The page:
Name the New York City institution with a collection of 750,000 objects—including rare books and masterpieces by Velázquez, Goya and El Greco—founded in 1904 and housed in an early-20th-century beaux-arts building with a grand main gallery awash in terra-cotta.
Stumped? If you’ve never visited or even heard of the Hispanic Society Museum & Library, you’d be forgiven: It’s a hidden treasure in the northern reaches of Manhattan that, prior to small exhibitions in a temporary gallery this year, hadn’t mounted a show in more than a decade. It had become, in the words of its director, Guillaume Kientz, “a closed institution.” But come the first quarter of 2023, the first phase of its multiyear redevelopment masterplan, including an expanded exhibition space, will open to the public.
Kientz, a former curator at the Louvre and Fort Worth’s Kimbell Art Museum who took the helm in 2021, says he intends to mine the full span of the collection—reaching across countries, cultures and periods. “The stories that we can tell are many, [but] the stories that were told in the past were always the same—a great one but always the same one. It was a very static museum,” he tells Robb Report on a recent hard-hat tour of the site. “What we want to do now is have a much more dynamic institution that rotates the collection, tells different stories, tells different sides of the same story, and so on.”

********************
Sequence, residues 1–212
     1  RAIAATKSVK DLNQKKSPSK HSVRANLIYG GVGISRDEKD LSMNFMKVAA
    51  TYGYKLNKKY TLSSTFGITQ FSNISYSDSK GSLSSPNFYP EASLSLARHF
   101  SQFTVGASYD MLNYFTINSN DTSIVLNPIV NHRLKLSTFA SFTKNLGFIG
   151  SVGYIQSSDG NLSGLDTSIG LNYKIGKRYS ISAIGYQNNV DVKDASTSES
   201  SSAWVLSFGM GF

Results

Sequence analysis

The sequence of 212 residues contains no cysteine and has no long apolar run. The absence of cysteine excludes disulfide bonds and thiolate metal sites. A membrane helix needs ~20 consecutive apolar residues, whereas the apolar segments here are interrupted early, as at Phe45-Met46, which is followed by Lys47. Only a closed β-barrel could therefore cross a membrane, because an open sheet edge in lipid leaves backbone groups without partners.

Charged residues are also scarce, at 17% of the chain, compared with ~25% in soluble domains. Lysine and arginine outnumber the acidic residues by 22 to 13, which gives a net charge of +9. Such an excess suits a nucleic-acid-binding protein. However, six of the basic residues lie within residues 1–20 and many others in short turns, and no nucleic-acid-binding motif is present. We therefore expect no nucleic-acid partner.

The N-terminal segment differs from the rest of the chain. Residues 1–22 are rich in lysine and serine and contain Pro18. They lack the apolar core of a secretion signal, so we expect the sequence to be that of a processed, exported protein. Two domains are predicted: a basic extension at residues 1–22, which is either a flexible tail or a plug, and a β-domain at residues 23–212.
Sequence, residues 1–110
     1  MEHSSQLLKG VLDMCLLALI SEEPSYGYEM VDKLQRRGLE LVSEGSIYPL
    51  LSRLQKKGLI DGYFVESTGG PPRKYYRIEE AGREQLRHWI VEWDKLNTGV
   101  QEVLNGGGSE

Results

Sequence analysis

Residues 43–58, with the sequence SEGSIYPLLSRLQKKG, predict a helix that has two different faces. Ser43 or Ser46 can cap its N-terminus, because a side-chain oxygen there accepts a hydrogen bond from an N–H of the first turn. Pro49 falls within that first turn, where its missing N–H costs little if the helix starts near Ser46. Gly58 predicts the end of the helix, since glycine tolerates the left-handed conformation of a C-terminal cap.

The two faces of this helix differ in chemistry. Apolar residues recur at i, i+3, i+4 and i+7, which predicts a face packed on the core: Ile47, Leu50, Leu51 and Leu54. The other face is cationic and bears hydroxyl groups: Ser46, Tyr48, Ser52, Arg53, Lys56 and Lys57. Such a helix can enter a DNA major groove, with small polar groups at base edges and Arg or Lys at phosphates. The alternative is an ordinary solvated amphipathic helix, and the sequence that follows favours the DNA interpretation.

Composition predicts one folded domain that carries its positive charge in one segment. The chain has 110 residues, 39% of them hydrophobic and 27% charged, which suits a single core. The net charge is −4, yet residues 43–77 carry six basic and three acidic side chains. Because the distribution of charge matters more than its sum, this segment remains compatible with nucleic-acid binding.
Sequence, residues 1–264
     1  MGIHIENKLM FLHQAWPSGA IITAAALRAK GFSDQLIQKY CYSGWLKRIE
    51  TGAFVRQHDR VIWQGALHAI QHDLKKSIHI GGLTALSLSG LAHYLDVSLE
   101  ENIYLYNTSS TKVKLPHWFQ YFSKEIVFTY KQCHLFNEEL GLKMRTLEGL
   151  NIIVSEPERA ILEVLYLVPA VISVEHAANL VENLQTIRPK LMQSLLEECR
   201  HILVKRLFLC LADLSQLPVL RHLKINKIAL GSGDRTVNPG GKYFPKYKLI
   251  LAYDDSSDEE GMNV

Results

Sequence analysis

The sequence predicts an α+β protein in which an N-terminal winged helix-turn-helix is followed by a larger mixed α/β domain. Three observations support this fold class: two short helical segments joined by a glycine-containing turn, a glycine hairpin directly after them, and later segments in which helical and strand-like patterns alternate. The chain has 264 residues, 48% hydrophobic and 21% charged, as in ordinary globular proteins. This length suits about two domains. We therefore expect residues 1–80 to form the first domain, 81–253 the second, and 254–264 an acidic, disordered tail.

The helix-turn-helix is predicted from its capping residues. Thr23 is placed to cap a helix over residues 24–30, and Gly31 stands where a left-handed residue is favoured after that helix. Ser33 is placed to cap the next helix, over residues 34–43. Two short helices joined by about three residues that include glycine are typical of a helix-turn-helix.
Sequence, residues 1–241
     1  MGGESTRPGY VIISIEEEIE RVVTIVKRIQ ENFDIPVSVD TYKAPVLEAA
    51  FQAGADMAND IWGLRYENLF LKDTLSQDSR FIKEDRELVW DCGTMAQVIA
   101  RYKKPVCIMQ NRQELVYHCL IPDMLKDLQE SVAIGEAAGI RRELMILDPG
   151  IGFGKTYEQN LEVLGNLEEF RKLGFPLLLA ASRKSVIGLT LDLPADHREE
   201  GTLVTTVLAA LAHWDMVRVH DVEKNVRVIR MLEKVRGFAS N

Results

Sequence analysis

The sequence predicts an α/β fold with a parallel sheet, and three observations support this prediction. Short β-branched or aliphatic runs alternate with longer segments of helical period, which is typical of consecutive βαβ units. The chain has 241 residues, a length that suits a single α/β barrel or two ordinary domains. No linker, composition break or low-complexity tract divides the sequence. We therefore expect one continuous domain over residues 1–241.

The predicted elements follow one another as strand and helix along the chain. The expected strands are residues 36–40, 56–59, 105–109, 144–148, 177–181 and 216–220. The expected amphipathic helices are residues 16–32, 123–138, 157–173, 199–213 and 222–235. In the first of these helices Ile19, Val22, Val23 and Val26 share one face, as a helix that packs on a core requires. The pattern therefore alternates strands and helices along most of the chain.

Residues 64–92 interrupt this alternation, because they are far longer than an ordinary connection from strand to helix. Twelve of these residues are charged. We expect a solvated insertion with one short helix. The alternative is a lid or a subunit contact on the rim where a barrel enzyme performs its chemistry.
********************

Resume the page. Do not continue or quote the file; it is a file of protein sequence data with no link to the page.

The Hispanic Society’s reemergence is owed in large part to Philippe de Montebello, the esteemed former director of the Metropolitan Museum of Art, who joined the board in 2015 and soon became chairman. Asked if he accepted the invitation with the aim of jumpstarting the programming, he replies, “The answer is a categorical yes. I would have had no interest in joining a moribund institution that intended to remain so. I made it very clear the institution was going to have to change drastically, which it has.”
The society may not have much of a public profile, but if you’re a curator of Spanish or Latin American art, “you can’t not know it,” de Montebello says. “It’s the premier institution.”
To be sure, the Hispanic Society of America, as it was originally called, had an auspicious start. The railroad heir Archer Huntington established it as a way of giving Spain, Portugal, Latin America and the Philippines—and Hispanic heritage in the US—their due. He bought a large tract of land in what is now the thriving Latino neighborhood of Washington Heights, named it Audubon Terrace (after naturalist John James Audubon, the property’s former owner) and donated the construction of buildings there to the society, the Museum of the American Indian, the American Geographical Society and several other institutions. The project became something of a family affair: His cousin Charles Pratt Huntington was the lead architect; Archer’s wife, the prominent artist Anna Hyatt Huntington, created sculptures for the campus; and his mother, Arabella Huntington, an important collector in her own right, encouraged her son’s passions.